The Crest of the Commonwealth of Australia Treasury Portfolio Ministers
Picture of Peter Costello

Peter Costello

Treasurer

11 March 1996 - 3 December 2007

Transcript of 21/05/07

Interview with Leon Byner
5AA

Monday, 21 May 2007
9.05am
(Adelaide Time)

SUBJECTS: Drugs in AFL, Federal Budget, SA Budget, GST

BYNER:

Peter Costello, thanks for joining us today.

TREASURER:

Good morning Leon.  Good to be with you.

BYNER:

Explain to the people of Adelaide why, as the Federal Treasurer, you have come out and talked about what effectively is a social/sporting issue?

TREASURER:

Well, I am concerned that the message that the AFL is giving is not tough enough.  The Government has a policy of not tolerating drugs.  Our policy is zero tolerance.  That is the message we are giving to young people.  Don’t meddle with drugs, don’t think you can handle drugs, just don’t touch them.  And the AFL policy – which is three strikes and you are out – gives you two chances to be caught before there is any penalty at all.  And I don’t think that is tough enough.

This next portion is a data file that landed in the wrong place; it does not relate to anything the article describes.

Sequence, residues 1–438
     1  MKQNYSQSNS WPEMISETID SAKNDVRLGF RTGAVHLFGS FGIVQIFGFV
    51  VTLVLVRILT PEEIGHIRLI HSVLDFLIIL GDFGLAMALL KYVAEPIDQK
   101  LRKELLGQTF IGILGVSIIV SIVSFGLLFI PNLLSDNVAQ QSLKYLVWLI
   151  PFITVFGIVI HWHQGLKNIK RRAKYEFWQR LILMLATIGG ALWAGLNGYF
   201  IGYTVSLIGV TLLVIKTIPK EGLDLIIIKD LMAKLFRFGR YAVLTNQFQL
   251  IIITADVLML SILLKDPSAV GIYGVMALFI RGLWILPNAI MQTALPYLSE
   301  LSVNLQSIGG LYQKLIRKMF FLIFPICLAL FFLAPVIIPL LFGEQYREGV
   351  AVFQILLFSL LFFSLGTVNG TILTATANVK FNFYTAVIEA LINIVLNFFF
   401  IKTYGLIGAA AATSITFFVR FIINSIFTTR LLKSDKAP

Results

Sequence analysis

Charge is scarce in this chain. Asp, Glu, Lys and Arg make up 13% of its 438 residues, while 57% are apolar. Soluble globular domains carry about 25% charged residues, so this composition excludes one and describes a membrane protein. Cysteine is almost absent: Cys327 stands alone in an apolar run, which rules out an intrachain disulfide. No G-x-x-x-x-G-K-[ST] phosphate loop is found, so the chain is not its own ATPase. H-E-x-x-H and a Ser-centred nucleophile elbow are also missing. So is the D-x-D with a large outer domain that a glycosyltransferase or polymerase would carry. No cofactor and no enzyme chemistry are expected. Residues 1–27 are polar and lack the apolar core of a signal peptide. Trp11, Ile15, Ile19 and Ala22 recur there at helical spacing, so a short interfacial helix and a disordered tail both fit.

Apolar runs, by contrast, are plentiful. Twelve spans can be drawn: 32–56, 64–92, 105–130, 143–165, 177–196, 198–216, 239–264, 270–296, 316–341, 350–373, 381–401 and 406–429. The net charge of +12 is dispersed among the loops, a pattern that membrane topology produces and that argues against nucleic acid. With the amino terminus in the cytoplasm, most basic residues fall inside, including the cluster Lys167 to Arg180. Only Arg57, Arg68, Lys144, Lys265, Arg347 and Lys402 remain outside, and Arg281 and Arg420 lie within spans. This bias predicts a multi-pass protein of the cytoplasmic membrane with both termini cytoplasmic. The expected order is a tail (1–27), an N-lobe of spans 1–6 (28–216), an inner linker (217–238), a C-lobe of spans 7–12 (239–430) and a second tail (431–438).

BYNER:

When you say you think the AFL has mishandled the issue of drugs, what do you mean by that?

TREASURER:

They would say to you, well we don’t tolerate drugs.  That is their official position.  But their code actually allows people to be caught using drugs like cocaine or other illicit drugs without any consequences.  If they pick up somebody who is using cocaine for example, on the first occasion they don’t tell the police, they don’t even tell the clubs, they tell a doctor.  The second time, they give them another chance and it is only on the third occasion they a suspension follows.  Now that is not zero tolerance.  That is accepting and permitting use of illicit drugs.  And there has been a big scandal in the AFL, you would be aware of that…

BYNER:

Yes.

TREASURER:

…where some very high profile players who have admitted themselves that they have become addicted to drugs.  And I think the message has been too soft for too long. 

BYNER:

What would you have a tariff for those people in the AFL caught using these so-called drugs?

TREASURER:

Well I think if a test comes up positive and you are using an illegal drug then I think right from the outset action ought to be taken.

BYNER:

What sort of action?

TREASURER: